Home Art Carpenter Ants Can Perform Life-Saving Amputations on Wounded Nestmates

Carpenter Ants Can Perform Life-Saving Amputations on Wounded Nestmates

Carpenter Ants Can Perform Life-Saving Amputations on Wounded Nestmates

Carpenter ants (Camponotus), a diverse genus of large ants indigenous to many forested parts of the world, can selectively treat the wounded limbs of fellow nestmates — either by wound cleaning or amputation.

Injured individual (marked in yellow) of Camponotus floridanus receives wound care by a nestmate. Image credit: Frank et al., doi: 10.1016/j.cub.2024.06.021.

Open wounds pose major infection and mortality risks in animals. To reduce these risks, many animal species apply antimicrobial compounds on their wounds.

In 2023, researchers discovered that a different ant species, Megaponera analis , uses a special gland to inoculate injuries with antimicrobial compounds meant to quell possible infections.

What makes Florida carpenter ants (Camponotus floridanus) and other species of the genus Camponotus stand out is that because they have no such gland, they appear to be using only mechanical means to treat their nestmates.

University of Würzburg’s Dr. Erik Frank amd his colleagues found that this mechanical care involves one of two routes.

The ants would either perform wound cleaning with just their mouthparts or perform a cleaning followed by the full amputation of the leg.

To select which route they take, the ants appear to assess the type of injury to make informed adjustments on how best to treat.

In the study, two types of leg injuries were analyzed, lacerations on the femur and those on the ankle-like tibia.

All femur injuries were accompanied by initial cleaning of the cut by a nestmate, followed by a nestmate chewing off the leg entirely. In contrast, tibia injuries only received the mouth cleaning.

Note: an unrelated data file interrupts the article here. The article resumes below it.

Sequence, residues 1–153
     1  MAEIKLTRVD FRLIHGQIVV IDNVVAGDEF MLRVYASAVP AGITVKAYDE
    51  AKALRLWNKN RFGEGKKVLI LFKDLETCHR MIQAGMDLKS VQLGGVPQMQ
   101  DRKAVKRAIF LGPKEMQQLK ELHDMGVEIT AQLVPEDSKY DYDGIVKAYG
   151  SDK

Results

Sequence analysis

In both cases, intervention resulted in ants with experimentally infected wounds having a much greater survival rate.

“Femur injuries, where they always amputated the leg, had a success rate around 90% or 95%. And for the tibia, where they did not amputate, it still achieved about the survival rate of 75%,” Dr. Frank said.

“This is in contrast to the less than 40% and 15% survival rate for unattended infected femur and tibia abrasions, respectively.”

The scientists hypothesized that the preferred path of wound care could be related to the risk of infection from the wound site.

Micro-CT scans of the femur showed it is largely composed of muscle tissue, suggesting it plays a functional role of pumping blood, referred to as hemolymph, from the leg into the main body.

With an injury to the femur, the muscles become compromised, reducing their ability to circulate potentially bacteria-laden blood.

The tibia, on the other hand, has little muscle tissue and thus little involvement in blood circulation.

“In tibia injuries, the flow of the hemolymph was less impeded, meaning bacteria could enter the body faster. While in femur injuries the speed of the blood circulation in the leg was slowed down,” Dr. Frank said.

“You may expect, then, if tibia damage results in faster infections, amputating the full leg would be most appropriate, but the opposite is observed.”

“It turns out the speed at which the ants can amputate a leg makes a difference.”

“An ant-assisted amputation takes at least 40 minutes to complete.”

“Experimental testing demonstrated that with tibia injuries, if the leg was not immediately removed post-infection, the ant would not survive.”

“Thus, because they are unable to cut the leg sufficiently quickly to prevent the spread of harmful bacteria, ants try to limit the probability of lethal infection by spending more time cleaning the tibia wound,” said Dr. Laurent Keller, a evolutionary biologist at the University of Lausanne.

“The fact that the ants are able to diagnose a wound, see if it’s infected or sterile, and treat it accordingly over long periods of time by other individuals — the only medical system that can rival that would be the human one.”

Considering the sophisticated nature of these behaviors, a reasonable next thought would be how these ants are capable of such precise care.

“It’s really all innate behavior. Ant behaviors change based on the age of an individual, but there is very little evidence of any learning,” Dr. Keller said.

The findings were publsihed in the journal Current Biology.


Erik.T. Frank et al. Wound-dependent leg amputations to combat infections in an ant society. Current Biology, publihsed online July 2, 2024; doi: 10.1016/j.cub.2024.06.021

This article was adapted from an original release by Cell Press.

Read whole article here

Leave a Reply

Your email address will not be published.